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Voluntary exercise improves cognitive deficits in female dominant-negative DISC1 transgenic mouse model of neuropsychiatric disorders

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posted on 08.06.2017 by Hadar Segal-Gavish, Ran Barzilay, Ofri Rimoni, Daniel Offen

Objectives: Physical exercise has gained increasing interest as a treatment modality that improves prognosis in psychiatric patients. The disrupted in schizophrenia 1 (DISC1) gene is a candidate gene for major mental illness. In this study, we aimed to determine whether voluntary wheel running can improve cognitive deficits of dominant-negative DISC1 transgenic mice (DN-DISC1).

Methods: DN-DISC1 and control mice (10-week-old male and female) were placed for 14 days in a cage with or without access to a running wheel. Two weeks later, mice underwent behavioural tests evaluating cognition and social approach and recognition.

Results: Voluntary exercise improved performance in the novel object recognition test, restored the impairment in spatial memory in the Y maze, and reversed the deficit in social recognition memory in DN-DISC1 females. DN-DISC1 males did not exhibit behavioural deficits at baseline. Tissue analysis revealed that exercise induced a significant increase in hippocampal expression of doublecortin (DCX), brain-derived neurotrophic factor (BDNF) and cannabinoid receptor type 1 (CB1R) only in DN-DISC1 females.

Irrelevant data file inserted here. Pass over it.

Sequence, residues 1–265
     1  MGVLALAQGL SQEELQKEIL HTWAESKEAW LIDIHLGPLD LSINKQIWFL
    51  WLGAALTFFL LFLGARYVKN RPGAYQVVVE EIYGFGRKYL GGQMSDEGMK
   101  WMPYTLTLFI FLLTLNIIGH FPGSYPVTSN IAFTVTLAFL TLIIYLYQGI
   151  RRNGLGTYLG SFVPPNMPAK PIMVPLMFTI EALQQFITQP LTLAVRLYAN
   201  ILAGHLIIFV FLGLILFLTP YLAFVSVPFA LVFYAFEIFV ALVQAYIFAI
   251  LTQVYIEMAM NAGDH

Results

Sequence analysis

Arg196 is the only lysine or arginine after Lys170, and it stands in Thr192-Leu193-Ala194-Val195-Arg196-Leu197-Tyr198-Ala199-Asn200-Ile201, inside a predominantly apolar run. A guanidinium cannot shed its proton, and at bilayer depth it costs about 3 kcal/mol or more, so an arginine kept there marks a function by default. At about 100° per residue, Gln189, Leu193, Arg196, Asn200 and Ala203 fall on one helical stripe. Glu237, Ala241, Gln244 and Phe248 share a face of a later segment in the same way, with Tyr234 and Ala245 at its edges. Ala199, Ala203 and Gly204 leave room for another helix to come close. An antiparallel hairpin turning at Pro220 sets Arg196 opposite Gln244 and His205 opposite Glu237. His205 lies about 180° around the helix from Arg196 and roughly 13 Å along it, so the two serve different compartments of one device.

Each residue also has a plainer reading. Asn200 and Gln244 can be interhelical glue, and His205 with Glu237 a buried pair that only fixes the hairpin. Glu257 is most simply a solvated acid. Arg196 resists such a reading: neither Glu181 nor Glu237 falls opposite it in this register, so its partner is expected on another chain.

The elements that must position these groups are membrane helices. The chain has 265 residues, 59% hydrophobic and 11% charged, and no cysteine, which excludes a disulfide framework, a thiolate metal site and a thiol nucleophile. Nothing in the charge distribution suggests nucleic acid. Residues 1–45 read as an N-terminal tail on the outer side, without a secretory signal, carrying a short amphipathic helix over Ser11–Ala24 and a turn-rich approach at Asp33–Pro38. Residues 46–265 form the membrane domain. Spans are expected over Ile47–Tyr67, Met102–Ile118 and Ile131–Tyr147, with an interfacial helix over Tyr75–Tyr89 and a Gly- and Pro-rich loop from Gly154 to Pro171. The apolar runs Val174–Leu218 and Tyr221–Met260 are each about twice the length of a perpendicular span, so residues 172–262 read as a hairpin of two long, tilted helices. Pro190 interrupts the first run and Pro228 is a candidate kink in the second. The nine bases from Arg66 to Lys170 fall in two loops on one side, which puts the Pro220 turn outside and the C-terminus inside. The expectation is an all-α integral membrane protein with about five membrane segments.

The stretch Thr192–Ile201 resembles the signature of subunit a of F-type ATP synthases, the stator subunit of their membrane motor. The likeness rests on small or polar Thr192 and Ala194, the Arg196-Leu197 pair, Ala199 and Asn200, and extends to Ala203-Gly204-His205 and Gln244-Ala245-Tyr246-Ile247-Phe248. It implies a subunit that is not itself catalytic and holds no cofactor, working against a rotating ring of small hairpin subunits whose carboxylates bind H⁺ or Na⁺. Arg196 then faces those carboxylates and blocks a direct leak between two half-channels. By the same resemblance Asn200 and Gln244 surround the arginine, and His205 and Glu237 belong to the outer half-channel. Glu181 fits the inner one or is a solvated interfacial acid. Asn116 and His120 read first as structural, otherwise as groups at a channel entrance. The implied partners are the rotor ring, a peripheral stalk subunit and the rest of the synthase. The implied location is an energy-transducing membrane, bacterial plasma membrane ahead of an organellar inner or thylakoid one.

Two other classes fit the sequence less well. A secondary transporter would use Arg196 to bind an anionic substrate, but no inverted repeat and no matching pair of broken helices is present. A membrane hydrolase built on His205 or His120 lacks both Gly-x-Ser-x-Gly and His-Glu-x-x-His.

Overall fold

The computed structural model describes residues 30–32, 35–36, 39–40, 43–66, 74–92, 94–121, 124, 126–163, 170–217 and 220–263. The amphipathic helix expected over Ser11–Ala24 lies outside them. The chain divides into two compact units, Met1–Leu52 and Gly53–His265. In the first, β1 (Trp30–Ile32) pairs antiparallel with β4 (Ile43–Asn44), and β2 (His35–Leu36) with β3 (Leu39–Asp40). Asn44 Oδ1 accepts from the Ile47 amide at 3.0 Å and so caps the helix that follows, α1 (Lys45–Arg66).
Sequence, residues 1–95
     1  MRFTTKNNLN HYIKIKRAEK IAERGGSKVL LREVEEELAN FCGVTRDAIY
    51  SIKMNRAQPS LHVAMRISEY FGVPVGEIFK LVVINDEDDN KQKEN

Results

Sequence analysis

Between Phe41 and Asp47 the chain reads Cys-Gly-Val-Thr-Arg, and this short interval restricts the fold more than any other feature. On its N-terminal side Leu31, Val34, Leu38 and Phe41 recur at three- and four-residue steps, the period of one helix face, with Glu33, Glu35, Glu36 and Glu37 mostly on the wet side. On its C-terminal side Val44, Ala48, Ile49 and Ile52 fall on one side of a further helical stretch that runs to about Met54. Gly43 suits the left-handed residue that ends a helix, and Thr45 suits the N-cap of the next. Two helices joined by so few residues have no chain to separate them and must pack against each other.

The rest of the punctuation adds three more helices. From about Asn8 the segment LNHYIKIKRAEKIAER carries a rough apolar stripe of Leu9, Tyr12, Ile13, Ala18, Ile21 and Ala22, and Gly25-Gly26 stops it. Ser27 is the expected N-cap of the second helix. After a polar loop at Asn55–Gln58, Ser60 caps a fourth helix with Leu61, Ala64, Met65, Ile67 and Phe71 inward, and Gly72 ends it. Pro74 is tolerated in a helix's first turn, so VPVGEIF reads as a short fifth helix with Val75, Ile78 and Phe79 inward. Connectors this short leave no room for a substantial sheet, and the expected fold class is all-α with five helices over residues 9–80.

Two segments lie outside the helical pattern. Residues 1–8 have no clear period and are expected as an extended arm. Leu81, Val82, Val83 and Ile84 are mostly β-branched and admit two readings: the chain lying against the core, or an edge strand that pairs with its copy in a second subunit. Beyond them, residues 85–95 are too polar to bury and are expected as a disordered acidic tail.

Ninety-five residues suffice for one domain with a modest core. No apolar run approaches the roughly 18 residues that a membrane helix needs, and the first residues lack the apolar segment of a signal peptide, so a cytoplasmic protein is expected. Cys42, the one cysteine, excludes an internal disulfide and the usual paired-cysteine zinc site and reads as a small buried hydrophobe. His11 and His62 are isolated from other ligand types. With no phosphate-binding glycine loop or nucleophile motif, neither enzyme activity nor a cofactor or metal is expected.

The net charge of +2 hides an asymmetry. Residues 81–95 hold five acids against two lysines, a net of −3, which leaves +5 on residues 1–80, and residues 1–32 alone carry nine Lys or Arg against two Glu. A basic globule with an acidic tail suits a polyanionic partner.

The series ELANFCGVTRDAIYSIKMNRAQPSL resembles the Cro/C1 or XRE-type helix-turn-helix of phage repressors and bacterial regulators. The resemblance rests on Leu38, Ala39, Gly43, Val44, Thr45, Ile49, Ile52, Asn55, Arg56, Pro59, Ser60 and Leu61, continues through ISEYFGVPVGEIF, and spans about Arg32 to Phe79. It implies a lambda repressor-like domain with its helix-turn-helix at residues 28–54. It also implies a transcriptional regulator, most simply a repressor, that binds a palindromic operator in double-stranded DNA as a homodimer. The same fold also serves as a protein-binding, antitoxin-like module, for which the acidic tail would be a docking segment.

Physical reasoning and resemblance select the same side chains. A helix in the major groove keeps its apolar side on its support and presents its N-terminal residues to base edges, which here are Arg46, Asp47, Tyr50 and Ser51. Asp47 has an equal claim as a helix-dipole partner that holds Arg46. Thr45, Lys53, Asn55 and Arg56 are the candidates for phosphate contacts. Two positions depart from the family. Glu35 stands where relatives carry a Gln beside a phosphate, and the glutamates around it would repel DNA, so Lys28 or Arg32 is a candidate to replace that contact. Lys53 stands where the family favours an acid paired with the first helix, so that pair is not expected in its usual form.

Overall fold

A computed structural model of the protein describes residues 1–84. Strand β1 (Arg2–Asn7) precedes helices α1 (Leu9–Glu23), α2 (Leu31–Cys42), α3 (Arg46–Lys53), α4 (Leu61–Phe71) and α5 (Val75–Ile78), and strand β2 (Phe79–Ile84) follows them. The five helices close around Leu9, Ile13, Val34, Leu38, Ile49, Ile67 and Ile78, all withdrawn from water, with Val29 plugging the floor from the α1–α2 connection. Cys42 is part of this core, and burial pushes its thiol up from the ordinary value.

Conclusions: Voluntary exercise is beneficial in attenuating cognitive deficits observed in a rodent model relevant for neuropsychiatric disorders. The data add a preclinical aspect to the accumulating clinical data supporting the incorporation of physical exercise to patients’ care.

Funding

This study was supported in part by the National Institute of Psychobiology in Israel [Grant no. 0601564281].

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